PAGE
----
•  Private Mortgage Insurance (PMI): It is the insurance you pay your mortgage company if you didn't put down 20%. Mind you, 2013 may be the last year you can claim PMI and it has to be on your form 1098. Please don't confuse this with hazard insurance you pay for protection against fire or loss. 
  • Residential Energy Credits: 2013 can also be the last year to claim up to $500 in green energy credits. You can claim Insulation, energy efficient windows, doors, high efficiency air conditioners, heaters, installed in your main residence. There is an additional credit for solar energy installations in your primary residence. 
  • Property Taxes: Property taxes paid on your primary residence can also be itemized on your federal tax return. Many states also provide a credit for property taxes against your state tax in addition to the federal. Make sure you know if the state you live in allows these credits and what the amounts are.
  •  Casualty Losses: Given the harsh winter we have had in most of North America, many of us have dealt with flooded basements & other casualty losses. You can get a tax break from a loss from disaster. This loss has to be out-of-pocket, and must exceed 10% of your income & not covered and compensated by your insurance. Make sure you can prove the value of your loss. 
So folks, don't be like my uncle, use your home deductions wisely and continue to stay in & enjoy your home. 

As always, read my disclaimer here. Please consult a qualified tax professional for your unique tax needs. 
More of my contact information is on my website,

Sunday, March 9, 2014

Saving For Retirement? Wrangle a Credit Out Of It!!

Warren Buffet, the modern day Guru of all-things-financial, the Investing Pundit of the 21st century, has said "No matter how great the talent or efforts, some things just take time. You can't produce a baby in one month by getting nine women pregnant.” There is truth in this statement for all but especially for those who are in the lower income brackets, or those starting on their career paths, saving a little over time adds up!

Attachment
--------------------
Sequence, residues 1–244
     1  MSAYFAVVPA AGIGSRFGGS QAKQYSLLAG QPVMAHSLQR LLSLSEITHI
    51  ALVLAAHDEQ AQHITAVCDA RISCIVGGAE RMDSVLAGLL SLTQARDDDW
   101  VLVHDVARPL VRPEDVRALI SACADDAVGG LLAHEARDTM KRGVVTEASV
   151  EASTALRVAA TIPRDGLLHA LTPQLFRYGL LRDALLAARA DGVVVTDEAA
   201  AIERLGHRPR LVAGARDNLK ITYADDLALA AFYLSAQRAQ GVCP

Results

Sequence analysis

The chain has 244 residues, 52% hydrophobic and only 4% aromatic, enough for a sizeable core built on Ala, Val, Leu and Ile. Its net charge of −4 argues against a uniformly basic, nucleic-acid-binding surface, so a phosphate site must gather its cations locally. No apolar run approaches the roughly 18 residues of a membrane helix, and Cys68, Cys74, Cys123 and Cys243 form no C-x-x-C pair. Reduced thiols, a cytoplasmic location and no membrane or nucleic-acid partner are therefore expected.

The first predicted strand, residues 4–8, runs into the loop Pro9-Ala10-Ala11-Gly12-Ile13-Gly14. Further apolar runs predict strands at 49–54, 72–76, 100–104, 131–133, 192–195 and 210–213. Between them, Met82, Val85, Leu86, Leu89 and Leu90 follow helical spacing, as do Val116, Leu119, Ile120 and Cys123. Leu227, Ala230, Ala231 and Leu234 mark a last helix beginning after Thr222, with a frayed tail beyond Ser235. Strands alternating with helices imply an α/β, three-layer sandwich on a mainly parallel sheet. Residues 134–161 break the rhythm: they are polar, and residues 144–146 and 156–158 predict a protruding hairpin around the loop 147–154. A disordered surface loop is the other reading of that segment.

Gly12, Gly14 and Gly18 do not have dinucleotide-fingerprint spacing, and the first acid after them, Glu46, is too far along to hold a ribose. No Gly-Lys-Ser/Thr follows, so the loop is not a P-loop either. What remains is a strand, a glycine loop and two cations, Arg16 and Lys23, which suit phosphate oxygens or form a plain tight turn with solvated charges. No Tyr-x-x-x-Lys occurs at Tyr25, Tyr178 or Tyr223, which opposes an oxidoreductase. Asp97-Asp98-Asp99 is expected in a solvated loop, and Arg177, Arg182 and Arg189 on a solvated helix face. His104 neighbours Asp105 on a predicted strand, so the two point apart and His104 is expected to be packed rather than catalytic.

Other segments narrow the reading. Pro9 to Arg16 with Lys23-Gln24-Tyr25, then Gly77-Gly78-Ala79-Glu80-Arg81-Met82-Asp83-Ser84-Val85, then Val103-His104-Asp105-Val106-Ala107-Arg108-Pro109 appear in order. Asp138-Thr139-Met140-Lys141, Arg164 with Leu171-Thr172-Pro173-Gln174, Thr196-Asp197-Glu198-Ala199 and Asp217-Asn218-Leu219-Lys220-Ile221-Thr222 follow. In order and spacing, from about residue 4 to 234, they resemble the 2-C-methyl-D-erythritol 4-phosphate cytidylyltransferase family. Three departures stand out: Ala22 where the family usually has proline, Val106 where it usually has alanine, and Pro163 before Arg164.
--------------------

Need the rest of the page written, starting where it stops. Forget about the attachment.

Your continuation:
So you just got a job or you are one of those who are thinking of starting up your retirement basket, the Internal Revenue Service (IRS) has an incentive for you. It's called the "Saver's Credit". It is available to you if you contribute to a 401K or an IRA. 

The credit is worth $2000 to taxpayers filing with the "Married Filing Joint" status and worth $1000 to those filing "Single". So you can see that the amount of credit depends on your filing status. 

The eligibility for the credit also depends on your annual income (the following are for 2013 Tax Year): 
  • Married filing separately or a single taxpayer with income up to $29,500
  • Head of household with income up to $44,250
  • Married filing jointly with income up to $59,000

This credit is further restricted by the following rules: 

  • You must be at least 18 years of age.
  • You can’t have been a full-time student in 2013.
  • You can’t be claimed as a dependent on another person’s tax return.

The retirement contribution has to be made by the end of the year, however an IRA contribution can be made before April 15th to qualify for the credit. It is claimed on Form 8880. 
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You can see the income thresholds to be eligible for this credit are phased out at lower amounts.  Maybe it is an incentive for taxpayers with lower incomes to save for their retirement, but something to be considered nonetheless. There is an Indian saying that roughly translates as "Little drops of water make pearls"! I tell my younger clients that it's never too early to start saving for retirement, one can be eligible for this credit in addition to tax savings that IRAs/ 401Ks provide. 

Bibliography: Form 8880

As always, read my disclaimer here. Please consult a qualified tax professional for your unique tax needs. 
More of my contact information is on my website,